Now back one or two million years, they’ve decided to continue back to the beginning of time, as if they can decide this. They now see palm trees, flamingoes, gazelles, a dinotherium, and “the meanest killer of the Tertiary period”: a saber-tooth tiger. Jo-Jo wanders off, ignores calls, and catches a fish. They continue their journey, deciding to start naming locations with unimaginative designations. A storm harasses but does not kill them. At night, Doc records in his journal that they soon should be seeing less familiar animals. Crocodiles loom, but Doc drives them away with the lamp and appreciates fire.
The next morning, a leopard threatens Jo-Jo. They drive it off with fire, and make a boat escape. In the Tertiary period, they see a Uintathereum. “What an ugly monster; is he dangerous?” “Nah, he’s a vegetarian.” [Idiots.] A “carnivorous ancestor of the ostrich” charges Doc but fails to bite his ass off before he gets to the boat, dammit. Mesozoic pterodons are called “flying lizards” and “flying monsters.” Jo-Jo arrogantly insists they’d give up fish-eating if they ever tasted a boy. Doc shows off his knowledge of ancient plant life. A stegasaur sighting prompts, “You can tell from all that armor he’s built for fighting.” [Not defending?] Regarding its skin, “It would take big teeth to penetrate that!” “For offense he uses his spiked tail, like a club.” “Look! A Spoon-bill!” They quietly row past this swamp-feeder. A brontosaur — “Wow! Thirty tons if he’s an ounce!” — is safe to approach: “He’s too stupid” [to know that these idiots deserve to die?]. Tony takes a picture. At dusk we see a stegasaur fight off a ceratasaur but die in the sunset. Approaching the carcass in the morning, Jo-Jo throws rocks at it. “I’m sure glad he’s dead…. He looks just like a big tank to me” [they should know?]. Doc wants to collect scientific data but has forgotten his diary in which to jot down notes. Jo-Jo goes to retrieve Doc’s diary but finds the boat smashed by some “monster” that trampled over it on the beach. But the diary’s all right and they decide to build a raft.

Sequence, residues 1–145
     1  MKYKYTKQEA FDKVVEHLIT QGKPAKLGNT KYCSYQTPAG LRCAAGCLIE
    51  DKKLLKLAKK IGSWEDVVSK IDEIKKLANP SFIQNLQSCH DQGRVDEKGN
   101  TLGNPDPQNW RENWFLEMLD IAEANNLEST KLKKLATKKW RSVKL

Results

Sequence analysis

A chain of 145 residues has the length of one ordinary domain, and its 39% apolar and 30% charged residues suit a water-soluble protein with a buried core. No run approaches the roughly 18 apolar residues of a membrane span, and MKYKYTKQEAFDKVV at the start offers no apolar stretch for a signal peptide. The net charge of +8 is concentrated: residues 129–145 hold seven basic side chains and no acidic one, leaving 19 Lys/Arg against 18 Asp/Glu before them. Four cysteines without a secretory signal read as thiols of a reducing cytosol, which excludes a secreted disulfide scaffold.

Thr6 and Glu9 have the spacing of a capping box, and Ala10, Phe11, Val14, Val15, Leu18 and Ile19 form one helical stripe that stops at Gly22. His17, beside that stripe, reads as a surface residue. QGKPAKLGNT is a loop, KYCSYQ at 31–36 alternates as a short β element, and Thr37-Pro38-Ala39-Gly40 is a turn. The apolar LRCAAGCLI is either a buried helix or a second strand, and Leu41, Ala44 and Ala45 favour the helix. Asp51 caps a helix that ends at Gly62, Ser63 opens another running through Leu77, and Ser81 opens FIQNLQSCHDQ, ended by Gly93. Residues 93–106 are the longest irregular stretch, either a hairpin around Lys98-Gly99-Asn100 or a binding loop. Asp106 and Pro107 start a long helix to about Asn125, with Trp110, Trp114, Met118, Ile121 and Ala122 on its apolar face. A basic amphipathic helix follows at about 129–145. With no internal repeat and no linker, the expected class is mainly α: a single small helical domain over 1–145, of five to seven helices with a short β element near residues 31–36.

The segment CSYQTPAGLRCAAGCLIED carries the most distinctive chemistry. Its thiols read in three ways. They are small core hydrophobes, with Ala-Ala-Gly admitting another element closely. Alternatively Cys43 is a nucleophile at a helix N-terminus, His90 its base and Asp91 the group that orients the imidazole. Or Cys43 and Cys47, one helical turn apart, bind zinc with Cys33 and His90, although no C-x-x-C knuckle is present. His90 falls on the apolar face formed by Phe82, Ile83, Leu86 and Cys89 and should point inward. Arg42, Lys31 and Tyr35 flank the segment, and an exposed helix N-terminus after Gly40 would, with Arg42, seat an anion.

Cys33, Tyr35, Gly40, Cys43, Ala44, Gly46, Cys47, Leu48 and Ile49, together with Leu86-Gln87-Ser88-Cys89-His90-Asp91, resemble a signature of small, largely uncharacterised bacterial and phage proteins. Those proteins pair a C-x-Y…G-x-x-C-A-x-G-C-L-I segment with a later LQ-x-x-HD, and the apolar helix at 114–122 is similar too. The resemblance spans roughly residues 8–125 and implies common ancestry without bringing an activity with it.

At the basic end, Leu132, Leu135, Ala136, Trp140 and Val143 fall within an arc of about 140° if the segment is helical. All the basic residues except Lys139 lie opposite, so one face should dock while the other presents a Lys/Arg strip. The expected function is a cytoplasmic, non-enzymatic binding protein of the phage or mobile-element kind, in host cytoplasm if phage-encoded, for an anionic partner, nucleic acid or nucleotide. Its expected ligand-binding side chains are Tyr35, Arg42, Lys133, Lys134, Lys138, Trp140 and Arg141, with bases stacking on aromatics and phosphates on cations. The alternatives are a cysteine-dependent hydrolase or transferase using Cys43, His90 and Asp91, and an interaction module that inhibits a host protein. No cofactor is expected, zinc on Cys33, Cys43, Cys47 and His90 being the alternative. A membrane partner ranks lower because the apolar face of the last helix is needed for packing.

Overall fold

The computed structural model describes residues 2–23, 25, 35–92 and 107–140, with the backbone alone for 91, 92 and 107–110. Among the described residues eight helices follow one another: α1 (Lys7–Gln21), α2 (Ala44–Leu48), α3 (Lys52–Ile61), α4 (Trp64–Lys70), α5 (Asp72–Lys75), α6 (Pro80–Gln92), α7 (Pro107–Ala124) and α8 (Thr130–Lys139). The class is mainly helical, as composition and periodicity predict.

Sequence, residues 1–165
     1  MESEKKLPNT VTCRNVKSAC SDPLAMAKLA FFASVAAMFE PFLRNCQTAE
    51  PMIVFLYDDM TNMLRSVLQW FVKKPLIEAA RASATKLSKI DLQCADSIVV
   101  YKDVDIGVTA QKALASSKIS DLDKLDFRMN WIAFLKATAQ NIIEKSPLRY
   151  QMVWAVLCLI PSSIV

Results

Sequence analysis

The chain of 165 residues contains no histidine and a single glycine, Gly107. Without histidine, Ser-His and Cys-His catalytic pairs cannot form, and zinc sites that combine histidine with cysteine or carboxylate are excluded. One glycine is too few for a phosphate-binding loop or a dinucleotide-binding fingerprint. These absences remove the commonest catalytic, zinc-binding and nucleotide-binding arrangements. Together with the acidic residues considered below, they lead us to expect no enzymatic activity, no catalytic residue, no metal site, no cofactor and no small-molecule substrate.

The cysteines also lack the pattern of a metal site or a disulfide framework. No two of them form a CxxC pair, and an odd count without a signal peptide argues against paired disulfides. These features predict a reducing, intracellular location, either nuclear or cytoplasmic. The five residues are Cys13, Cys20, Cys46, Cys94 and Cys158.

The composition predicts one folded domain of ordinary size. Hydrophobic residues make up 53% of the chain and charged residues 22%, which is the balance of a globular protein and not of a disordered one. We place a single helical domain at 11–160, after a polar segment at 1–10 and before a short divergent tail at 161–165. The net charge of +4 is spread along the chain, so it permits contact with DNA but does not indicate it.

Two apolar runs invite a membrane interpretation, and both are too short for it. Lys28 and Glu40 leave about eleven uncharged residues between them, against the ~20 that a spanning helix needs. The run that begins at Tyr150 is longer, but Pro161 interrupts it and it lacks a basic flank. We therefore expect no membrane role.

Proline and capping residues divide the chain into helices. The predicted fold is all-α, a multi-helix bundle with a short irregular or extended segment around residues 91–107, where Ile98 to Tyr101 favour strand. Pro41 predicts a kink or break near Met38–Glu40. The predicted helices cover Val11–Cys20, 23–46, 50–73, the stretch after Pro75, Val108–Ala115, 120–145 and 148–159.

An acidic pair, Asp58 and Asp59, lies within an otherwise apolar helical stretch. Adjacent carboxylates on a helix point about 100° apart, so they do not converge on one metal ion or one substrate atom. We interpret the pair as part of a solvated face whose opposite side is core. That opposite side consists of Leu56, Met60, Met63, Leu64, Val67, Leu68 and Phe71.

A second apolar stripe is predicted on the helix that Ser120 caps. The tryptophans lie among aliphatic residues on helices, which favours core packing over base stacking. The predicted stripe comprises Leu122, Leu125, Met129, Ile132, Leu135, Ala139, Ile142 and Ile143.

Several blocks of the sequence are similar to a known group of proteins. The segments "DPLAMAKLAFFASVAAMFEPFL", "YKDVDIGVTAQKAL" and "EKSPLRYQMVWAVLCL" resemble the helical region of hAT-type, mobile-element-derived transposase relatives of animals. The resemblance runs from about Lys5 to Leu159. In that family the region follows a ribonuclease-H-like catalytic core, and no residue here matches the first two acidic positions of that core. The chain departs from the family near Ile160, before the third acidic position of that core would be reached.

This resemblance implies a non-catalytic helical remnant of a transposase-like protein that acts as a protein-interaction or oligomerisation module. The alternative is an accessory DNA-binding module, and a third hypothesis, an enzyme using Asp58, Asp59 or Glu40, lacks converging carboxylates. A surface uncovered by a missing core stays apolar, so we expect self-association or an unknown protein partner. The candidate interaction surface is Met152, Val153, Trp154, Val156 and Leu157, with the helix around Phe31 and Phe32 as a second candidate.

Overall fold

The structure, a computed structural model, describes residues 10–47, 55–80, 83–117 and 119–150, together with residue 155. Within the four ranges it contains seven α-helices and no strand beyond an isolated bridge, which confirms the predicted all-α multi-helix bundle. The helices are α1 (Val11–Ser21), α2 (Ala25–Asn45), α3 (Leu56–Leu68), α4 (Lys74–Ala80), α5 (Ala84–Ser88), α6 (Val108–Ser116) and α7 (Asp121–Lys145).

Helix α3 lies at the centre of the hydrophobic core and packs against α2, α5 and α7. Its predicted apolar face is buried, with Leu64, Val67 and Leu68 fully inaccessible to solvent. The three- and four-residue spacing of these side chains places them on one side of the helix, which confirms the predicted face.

The misty Paleozoic period, over 300 million years ago “when life was at its slow beginning,” contains insects. Jo-Jo wanders off in search of the source of a cricket-noise and gets lost. He sees a cheeky amphibian and tries to drive it off to retrieve Doc’s diary again, which he returns after having a snit.
We end up in the Precambrian period, “the age before life,” and wax biblical: “for the earth was barren and void.” “We had to push on; we had to see what lay ahead…. We were witnessing the begining.” We arrive at the sea, “the sea in which life began,” and “we could only pause and stare in awe at the great drama.” Beyond the sea we see volcanoes “gushing red from the furnace of creation.” “Beyond creation lay the beginning of time.” Stock footage of lava inspires Doc-narrator to recite Genesis 1 passages.
We wake up to the “inscrutable face of the indian medicine man” and wonder if we dreamed the journey to the beginning of time. The diary is wet though. “Can man transcend the barrier of time? Project himself into the past or into the future? I wish I knew!”
Commentary:Eastern European science fiction often tries to be educational. This film is poorly dubbed, but for an early example of edutainment the stop-motion looks better than one would expect. The masculinism can be irksome: anything unfamiliar is a “monster,” and size determines how “boss” an animal is. But despite this, the film is well-intentioned.
The Genesis rapture is a big cheese-out and really doesn’t conveniently mesh. Odd too the insistence on progressivism, yet we travel backwards which inevitably must be anticlimactic or contradictory.